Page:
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Mexico and U.S. Presidents discuss inflation, migration and border security

Mexico City, Mexico — President Andrés Manuel López Obrador met with U.S. President Joe Biden Tuesday. The pair discussed inflation, security and migration issues shared between both countries.

After being absent from the Summit of the Americas due to the exclusion of countries such as Cuba and Venezuela, President Andrés Manuel López Obrador (AMLO) visited his counterpart Joe Biden at the White House July 12.

President López Obrador also brought proposals to Biden, among them to double the supply of gasoline on the common border to support Americans who cross to refuel since prices are lower on the Mexican side.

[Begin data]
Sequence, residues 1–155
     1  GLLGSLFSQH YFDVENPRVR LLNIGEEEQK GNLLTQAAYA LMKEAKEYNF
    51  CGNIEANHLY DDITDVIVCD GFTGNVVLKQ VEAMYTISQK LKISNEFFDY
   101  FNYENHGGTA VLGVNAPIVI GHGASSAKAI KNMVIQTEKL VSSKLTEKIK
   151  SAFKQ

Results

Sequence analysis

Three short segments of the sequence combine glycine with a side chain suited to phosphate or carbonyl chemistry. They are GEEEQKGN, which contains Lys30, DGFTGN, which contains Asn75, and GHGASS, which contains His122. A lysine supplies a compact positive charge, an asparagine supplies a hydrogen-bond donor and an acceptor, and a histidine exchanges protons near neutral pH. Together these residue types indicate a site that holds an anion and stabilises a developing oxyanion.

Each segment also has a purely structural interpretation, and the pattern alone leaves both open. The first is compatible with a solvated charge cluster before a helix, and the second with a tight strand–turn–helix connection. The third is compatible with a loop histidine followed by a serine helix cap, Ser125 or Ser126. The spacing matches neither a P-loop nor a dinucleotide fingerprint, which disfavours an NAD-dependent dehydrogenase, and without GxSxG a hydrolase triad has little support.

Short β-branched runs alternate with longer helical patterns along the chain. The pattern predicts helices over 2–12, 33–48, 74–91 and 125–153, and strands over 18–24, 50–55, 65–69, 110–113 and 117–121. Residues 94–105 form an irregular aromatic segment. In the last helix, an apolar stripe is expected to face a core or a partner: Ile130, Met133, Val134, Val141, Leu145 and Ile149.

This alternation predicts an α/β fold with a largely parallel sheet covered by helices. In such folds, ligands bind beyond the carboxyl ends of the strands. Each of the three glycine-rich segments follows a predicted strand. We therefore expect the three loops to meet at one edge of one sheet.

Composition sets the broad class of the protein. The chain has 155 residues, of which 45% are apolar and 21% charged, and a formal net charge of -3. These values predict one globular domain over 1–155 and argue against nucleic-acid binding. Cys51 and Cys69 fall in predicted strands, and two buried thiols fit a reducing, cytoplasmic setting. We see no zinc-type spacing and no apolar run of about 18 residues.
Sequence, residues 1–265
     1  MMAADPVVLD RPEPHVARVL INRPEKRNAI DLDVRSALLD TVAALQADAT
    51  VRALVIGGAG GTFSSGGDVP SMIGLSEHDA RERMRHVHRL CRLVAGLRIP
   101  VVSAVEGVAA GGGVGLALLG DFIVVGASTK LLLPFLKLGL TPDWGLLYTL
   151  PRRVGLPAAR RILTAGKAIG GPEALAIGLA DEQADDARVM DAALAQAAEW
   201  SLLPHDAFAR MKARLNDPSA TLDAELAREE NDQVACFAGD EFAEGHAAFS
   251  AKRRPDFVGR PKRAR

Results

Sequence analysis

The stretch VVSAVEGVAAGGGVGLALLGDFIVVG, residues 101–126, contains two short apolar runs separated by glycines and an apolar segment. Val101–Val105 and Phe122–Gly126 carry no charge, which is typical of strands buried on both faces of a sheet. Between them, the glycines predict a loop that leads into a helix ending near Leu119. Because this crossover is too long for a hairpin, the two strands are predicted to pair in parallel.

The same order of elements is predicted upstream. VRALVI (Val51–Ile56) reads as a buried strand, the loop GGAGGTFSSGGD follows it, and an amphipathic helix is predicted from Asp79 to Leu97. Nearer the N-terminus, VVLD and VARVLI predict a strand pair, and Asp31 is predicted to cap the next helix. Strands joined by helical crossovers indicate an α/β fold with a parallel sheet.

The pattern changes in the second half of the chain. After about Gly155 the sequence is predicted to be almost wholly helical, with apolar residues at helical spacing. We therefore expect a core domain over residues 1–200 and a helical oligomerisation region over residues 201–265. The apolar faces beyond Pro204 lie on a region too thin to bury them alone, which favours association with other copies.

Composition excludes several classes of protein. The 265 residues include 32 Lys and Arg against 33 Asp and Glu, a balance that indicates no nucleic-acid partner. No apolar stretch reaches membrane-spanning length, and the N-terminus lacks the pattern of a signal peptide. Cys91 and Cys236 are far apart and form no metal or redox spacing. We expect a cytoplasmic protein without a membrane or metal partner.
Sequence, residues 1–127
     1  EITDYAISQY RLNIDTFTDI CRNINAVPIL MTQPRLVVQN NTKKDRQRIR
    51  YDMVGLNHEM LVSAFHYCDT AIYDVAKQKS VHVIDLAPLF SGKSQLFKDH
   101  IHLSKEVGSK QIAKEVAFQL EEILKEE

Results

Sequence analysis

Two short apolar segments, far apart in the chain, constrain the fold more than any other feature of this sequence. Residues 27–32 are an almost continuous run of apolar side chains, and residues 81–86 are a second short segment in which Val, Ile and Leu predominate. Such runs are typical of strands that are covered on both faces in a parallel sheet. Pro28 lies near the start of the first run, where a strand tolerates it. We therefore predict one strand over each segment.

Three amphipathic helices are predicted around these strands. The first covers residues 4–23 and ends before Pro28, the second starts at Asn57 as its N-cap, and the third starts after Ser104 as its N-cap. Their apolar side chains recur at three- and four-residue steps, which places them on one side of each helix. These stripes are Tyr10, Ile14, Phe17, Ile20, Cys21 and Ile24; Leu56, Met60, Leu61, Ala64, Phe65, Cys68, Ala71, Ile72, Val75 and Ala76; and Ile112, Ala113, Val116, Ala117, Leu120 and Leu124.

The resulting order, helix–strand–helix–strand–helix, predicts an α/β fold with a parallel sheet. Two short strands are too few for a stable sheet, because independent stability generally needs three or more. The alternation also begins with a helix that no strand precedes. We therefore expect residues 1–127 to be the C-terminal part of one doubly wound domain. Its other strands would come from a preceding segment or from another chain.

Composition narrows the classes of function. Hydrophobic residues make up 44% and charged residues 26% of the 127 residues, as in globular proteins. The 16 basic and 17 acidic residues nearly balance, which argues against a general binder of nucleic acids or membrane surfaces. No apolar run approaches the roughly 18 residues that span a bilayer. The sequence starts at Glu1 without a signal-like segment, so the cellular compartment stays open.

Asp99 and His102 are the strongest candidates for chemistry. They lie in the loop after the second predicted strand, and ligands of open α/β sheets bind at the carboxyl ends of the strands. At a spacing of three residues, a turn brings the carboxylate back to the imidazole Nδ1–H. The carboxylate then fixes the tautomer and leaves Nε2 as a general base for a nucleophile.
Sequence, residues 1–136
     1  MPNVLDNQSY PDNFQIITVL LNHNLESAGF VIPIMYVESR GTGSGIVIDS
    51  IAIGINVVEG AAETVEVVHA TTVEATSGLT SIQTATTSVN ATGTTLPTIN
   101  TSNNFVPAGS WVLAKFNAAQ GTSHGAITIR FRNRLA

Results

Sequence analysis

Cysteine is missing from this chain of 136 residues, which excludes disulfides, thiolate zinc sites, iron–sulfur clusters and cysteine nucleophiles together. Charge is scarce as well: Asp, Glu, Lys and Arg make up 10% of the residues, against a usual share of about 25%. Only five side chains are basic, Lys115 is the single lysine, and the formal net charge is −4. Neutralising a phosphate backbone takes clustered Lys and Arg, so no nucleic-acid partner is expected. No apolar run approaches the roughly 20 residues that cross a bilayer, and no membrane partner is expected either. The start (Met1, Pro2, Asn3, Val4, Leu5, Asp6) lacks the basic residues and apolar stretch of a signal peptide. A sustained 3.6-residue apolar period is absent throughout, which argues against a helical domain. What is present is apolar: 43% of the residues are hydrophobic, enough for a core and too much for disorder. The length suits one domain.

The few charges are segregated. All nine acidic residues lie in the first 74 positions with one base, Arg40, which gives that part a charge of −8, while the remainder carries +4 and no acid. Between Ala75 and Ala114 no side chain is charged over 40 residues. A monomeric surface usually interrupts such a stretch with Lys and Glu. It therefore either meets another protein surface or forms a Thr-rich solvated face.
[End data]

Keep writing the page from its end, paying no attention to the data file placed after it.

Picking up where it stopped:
Both presidents also talked about the migration crisis, with President López Obrador recalling the Bracero program between Mexico and the US.

“The program was not exempt from errors, abuses and breaches, but without a doubt it gave good results in terms of production and work,” AMLO told Biden.

“Something similar is what we are proposing now,” he said.

President Joe Biden said that the relationship between himself and López Obrador is “strong and productive,” despite news in the press.

“Despite the exaggerated headlines that we sometimes see, you and I have a strong and productive relationship,” Biden said during his meeting with López Obrador in the Oval Office.

Part of AMLO’s Washington visit included an afternoon stop at at the Franklin D. Roosevelt Monument and the Martin Luther King Jr. National Memorial.